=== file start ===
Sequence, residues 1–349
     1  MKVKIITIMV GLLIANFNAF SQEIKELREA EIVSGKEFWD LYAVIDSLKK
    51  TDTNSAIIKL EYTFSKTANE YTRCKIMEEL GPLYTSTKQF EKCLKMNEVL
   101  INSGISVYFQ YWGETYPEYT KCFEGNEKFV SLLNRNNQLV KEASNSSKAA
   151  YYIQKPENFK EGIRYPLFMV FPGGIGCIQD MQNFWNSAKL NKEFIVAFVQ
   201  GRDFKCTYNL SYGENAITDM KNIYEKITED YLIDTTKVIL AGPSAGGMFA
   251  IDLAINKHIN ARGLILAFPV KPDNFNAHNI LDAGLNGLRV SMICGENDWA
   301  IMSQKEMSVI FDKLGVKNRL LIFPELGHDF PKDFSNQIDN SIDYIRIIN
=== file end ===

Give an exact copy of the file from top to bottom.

Sequence, residues 1–349
     1  MKVKIITIMV GLLIANFNAF SQEIKELREA EIVSGKEFWD LYAVIDSLKK
    51  TDTNSAIIKL EYTFSKTANE YTRCKIMEEL GPLYTSTKQF EKCLKMNEVL
   101  INSGISVYFQ YWGETYPEYT KCFEGNEKFV SLLNRNNQLV KEASNSSKAA
   151  YYIQKPENFK EGIRYPLFMV FPGGIGCIQD MQNFWNSAKL NKEFIVAFVQ
   201  GRDFKCTYNL SYGENAITDM KNIYEKITED YLIDTTKVIL AGPSAGGMFA
   251  IDLAINKHIN ARGLILAFPV KPDNFNAHNI LDAGLNGLRV SMICGENDWA
   301  IMSQKEMSVI FDKLGVKNRL LIFPELGHDF PKDFSNQIDN SIDYIRIIN